Iain was diagnosed with Ewing’s Sarcoma in November 2007, at the age of 11.
Until September 2007 I was active and did lots of sport, I especially enjoyed being a goalkeeper. For about a year I had a sore right thigh – after a couple of days the pain always went away and then would come back a few months later. The doctors thought it was because of my flat feet and then because I injured my right ankle that it was a knock-on effect. One night in September the pain was very bad and lasted all night, so the doctor sent me to see a specialist.
An x-ray showed that there was a problem and the specialist sent me for an MRI scan. I didn’t know what that was but luckily my mum had had one so could tell me what to expect. The very next day we went to Stanmore to see a really nice doctor who was an expert in dealing with these things. The specialist explained he thought I had either a nasty infection in my bone or there was a chance it was a rare tumour. I had to have a biopsy, as I was only eleven, I didn’t know what that was, but the doctor helped me understand. After the biopsy me, my mum and dad had to go to Stanmore for the results.
When the doctor told us that I had a rare tumour I didn’t realise at the time that he meant cancer.
He told me that he would look after me and that he would unfortunately have to make me sick in order to help me get better. He said that he would do a big operation on my leg in the middle of the treatment and that it would all take about a year. At that point I really didn’t understand how serious my illness was.
We went to London where I met my oncologist who explained to me about the cancer and the treatment. I had to have lots of tests done, there seemed to be lots of waiting about and uncertainty. Before this I had never been in hospital, so it was quite scary not being in a familiar place and being on a children’s oncology ward. The first chemo was really horrible because the sickness medicine didn’t work. Once the anti-sickness drugs worked the chemo treatments weren’t actually that bad. My dad stayed with me all the time I was in hospital, so I felt OK.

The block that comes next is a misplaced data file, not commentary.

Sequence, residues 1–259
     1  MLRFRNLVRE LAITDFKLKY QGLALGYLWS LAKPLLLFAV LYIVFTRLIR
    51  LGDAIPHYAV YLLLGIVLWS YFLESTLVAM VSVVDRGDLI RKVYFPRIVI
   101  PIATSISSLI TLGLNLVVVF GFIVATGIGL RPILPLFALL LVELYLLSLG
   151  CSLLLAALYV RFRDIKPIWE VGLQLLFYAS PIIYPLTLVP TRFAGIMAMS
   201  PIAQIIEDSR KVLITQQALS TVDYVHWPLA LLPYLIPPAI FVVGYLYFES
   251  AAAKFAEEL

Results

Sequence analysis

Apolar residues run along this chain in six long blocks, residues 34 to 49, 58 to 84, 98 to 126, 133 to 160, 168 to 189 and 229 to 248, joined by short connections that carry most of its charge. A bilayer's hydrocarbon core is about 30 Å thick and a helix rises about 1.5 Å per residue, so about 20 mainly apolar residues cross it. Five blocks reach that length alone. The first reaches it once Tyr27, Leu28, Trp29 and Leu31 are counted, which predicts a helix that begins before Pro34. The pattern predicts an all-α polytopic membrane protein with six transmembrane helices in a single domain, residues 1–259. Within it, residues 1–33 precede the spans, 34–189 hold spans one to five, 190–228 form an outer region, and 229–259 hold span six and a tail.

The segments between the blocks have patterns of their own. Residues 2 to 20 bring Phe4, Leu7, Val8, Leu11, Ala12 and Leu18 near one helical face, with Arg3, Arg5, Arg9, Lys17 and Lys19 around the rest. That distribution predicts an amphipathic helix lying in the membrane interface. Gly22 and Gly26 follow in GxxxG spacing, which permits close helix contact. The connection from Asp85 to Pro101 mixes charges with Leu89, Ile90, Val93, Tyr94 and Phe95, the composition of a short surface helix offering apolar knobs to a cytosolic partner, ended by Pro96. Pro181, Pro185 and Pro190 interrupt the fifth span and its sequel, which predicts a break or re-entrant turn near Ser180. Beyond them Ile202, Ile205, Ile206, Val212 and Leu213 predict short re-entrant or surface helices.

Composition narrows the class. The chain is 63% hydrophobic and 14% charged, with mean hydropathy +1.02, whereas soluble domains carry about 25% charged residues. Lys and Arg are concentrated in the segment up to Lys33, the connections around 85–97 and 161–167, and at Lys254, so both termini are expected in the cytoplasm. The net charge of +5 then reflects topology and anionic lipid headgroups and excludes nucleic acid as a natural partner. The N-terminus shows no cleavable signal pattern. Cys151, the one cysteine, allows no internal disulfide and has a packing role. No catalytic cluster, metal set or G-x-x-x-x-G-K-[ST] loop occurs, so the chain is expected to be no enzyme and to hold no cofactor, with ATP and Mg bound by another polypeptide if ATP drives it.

The side effects were sometimes awful; the ulcers were very painful and meant that I sometimes could only drink shakes. My finger and toenails fell off and my hair and eyelashes fell out. The worst bit of the treatment was definitely the time between treatments. I felt really ill when my bloods were low, and I didn’t like rushing to Maidstone hospital. The nurse who visited me at home was very helpful and explained lots of things.
In March 2008 I had a big operation at Stanmore hospital to replace my right hip and most of the femur. They showed me a bionic leg beforehand, so I knew what they were going to do. Being in intensive care was very scary and I didn’t realise how little I would be able to move afterwards and how painful it would be. Wearing a heavy and awkward hip brace for three months was really hard. I basically had to learn to walk again and that seemed to take ages. It was very hard having chemo while I was recovering from my leg surgery.
It was a very long year where I missed lots of school so had a home tutor in the end. The whole experience was very hard for me and my family. It was horrible going in and out of hospital, especially in Maidstone when you didn’t know how long you were going to be there and if you would need to go back for blood transfusions or platelets. There always seemed to be a lot of waiting. I think I grew up a lot in that year and had to learn to be confident with adults (doctors and nurses) and I learnt a lot of medical terms. During my treatment and for a year after it had finished, I had a lot of physio which was always challenging and sometimes frustrating.
In September, this year it will be three years since my treatment finished. It makes me sad that because of my leg I can no longer do contact sport.
I have appointments with my leg consultant and my oncology consultant every four months for leg and chest x-rays and checkups. I dread these appointments because they remind me of that awful year. My bionic leg can be lengthened from the outside using its motor. As I am growing a lot this has meant a few extra appointments, it doesn’t hurt when they do it. When my leg needs lengthening my limp gets worse and my hip aches, otherwise I get on fine.